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Sorry in advance for the confusing title. I'm not quite sure on the proper way to describe this question.

Suppose I have $n$ events: $A, B, C, ...., N$ (I'm using individual letters instead of proper indexing to make it easier to see what I would like to do). For these events I know the following probabilities

$$P(A), P(A | B), P(A | C) , ... P(A | N)$$ $$P(B), P(B | A), P(B | C) , ... P(B | N)$$ $$:$$ $$P(N), P(N | A), P(N | B) , ... P(N | M)$$

What I'm interested in calculating is $$P(A|B \cap C \cap ... \cap N)$$

Is this possible? I feel as though this question is utterly trivial but I have not been able to figure out how to determine $P(A|B \cap C \cap ... \cap N)$ or show that it can't be calculated with the information I have. If it is possible, how would I do it for $n = 3$? I suspect that if I can do it for $n = 3$ a recursive function could be used to calculate for whatever $n$ I want. Ultimately I would like to be able to solve the above probability for around $n = 50$ and I would like to know whether the information I have is sufficient (sans computational complexity)

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  • $\begingroup$ Unless you have some kind of conditional inpendence assumptions, it's difficult to figure out $P(A\cap B\cap C\cdots)$, when you are just given single conditionals. $\endgroup$ – Alex R. Feb 21 '18 at 19:57
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I've been working on this problem a few years ago. It is far from trivial.

Basically, you don't have enough information to answer. Actually, assume you have three events $A$, $B$, $C$. What you known is:

  • the probability of each individual event : $P(A), P(B), P(C)$ (1)
  • the probability of each pariwise conjunctions: $P(A\cap B), P(A\cap C), P(B\cap C)$ (2)

If you consider the sigma (=boolean) algebra generated by $A,B,C$, you know everything except the missing information $P(A\cap B\cap C)$. With this missing information, you could calculate absolutely everything involving $A,B$ and $C$ like for example $P(A|B\cap C)$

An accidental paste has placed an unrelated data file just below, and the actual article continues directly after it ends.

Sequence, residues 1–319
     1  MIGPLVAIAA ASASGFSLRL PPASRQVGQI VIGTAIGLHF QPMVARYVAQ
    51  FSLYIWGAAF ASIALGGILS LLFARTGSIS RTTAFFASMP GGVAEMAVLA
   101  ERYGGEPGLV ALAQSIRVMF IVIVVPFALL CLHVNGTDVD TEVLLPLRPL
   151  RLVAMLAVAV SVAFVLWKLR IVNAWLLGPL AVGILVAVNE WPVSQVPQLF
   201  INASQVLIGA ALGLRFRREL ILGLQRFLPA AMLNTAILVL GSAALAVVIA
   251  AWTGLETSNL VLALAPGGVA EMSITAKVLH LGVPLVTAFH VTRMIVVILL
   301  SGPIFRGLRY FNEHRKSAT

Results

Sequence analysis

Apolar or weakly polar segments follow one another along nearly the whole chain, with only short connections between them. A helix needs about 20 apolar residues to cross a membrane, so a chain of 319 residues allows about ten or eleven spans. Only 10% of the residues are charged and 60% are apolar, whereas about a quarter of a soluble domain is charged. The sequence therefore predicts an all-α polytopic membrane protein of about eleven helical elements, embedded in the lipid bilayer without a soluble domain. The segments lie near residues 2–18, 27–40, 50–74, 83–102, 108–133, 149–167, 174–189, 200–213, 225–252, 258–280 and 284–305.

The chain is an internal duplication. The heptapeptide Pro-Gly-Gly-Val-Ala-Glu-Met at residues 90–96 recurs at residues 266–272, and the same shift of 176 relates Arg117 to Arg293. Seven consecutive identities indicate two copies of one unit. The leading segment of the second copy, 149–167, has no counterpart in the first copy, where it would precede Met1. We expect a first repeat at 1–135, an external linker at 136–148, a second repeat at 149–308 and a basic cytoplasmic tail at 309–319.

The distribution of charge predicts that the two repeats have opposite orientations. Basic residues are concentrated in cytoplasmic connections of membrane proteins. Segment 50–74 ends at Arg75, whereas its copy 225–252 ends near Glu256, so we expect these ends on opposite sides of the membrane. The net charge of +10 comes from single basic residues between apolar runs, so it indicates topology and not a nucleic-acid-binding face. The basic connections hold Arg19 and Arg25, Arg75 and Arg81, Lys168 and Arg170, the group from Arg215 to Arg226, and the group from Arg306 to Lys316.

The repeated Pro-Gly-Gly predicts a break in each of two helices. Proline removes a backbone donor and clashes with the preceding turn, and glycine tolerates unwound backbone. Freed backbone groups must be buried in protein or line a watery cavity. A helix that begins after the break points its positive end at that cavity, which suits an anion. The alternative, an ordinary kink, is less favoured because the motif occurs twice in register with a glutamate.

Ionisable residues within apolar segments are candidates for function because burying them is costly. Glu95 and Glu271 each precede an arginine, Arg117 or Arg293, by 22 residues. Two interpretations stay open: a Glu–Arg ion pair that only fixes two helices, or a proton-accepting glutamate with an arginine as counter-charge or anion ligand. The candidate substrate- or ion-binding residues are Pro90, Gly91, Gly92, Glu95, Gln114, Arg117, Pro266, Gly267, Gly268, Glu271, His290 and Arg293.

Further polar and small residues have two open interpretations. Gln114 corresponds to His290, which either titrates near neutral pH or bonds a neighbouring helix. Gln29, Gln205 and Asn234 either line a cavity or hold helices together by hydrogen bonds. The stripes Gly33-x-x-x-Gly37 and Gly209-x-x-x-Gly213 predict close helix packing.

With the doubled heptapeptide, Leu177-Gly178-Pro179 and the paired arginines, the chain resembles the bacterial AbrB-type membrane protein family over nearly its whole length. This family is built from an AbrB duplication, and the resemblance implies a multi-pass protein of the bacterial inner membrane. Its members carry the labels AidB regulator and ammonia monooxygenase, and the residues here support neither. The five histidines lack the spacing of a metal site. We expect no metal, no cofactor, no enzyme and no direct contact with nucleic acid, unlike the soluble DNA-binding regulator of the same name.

Since you have some missing information, you need to estimate it. The solution I've found (that works very well on many problems) is to use the principle of maximum entropy on the sigma algebra generated by $A,B,C$:

  • Call $P$ the probability measure on this sigma algebra
  • Assume (1) and (2) as constraints
  • Find the value of $P(A\cap B\cap C)$ that maximizes the entropy of the probability measure

The problem can be extended to $n>3$ events just the same, except that you have a high dimensional vector of missing information.

Again, the solution to this problem is far from trivial. But luckily maximum entropy has been intensively studied, and we know how it leads to exponential families solutions. The problem is very similar to logistic regression. You can read literature about fitting maximum entropy. Actually, the most efficient solution is to use standard convex optimization algorithms once you have transformed the problem into an unconstrained optimization problem. A good resource : https://web.cs.elte.hu/blobs/diplomamunkak/msc_mat/2013/biszak_elod.pdf

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This is what is known.

  1. Marginal probabilities: $P(A) ... P(N)$
  2. Marginal complements: $P(A^c) ... P(N^c)$
  3. Simple conditionals: $P(A|B) ... P(N|M)$

By 1. know $P(B)$

By 3 know $P(A|B)$

A.

$P(A|B) = P(A \cap B)/P(B)$

$\implies P(A \cap B)$

B. 1. Need to know $P(C|A \cap B) $ but it is not known (Mistake is here).

$P(C|A \cap B) = P(C \cap A \cap B)/P(A \cap B)$

$ \implies P(A \cap B \cap C)$

Eventually we will get $P(A \cap B \cap C ... \cap N)$

and

Then we will get $P(B \cap C ... \cap N)$

That would get the answer.

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  • $\begingroup$ How do you calculate $P(C|A \cap B)$? In your second line there are two unknowns as I see it, $P(C|A \cap B)$ and $P(A \cap B \cap ... \cap N)$ $\endgroup$ – HXSP1947 Feb 22 '18 at 8:08
  • $\begingroup$ @HXSP1947 You are right. I assumed something $P(C|A \cap B)$ that was not given. Maybe knowing $P(A \cup B .. \cup N) = 1$ would be enough. $\endgroup$ – Harlan Nelson Feb 22 '18 at 13:15

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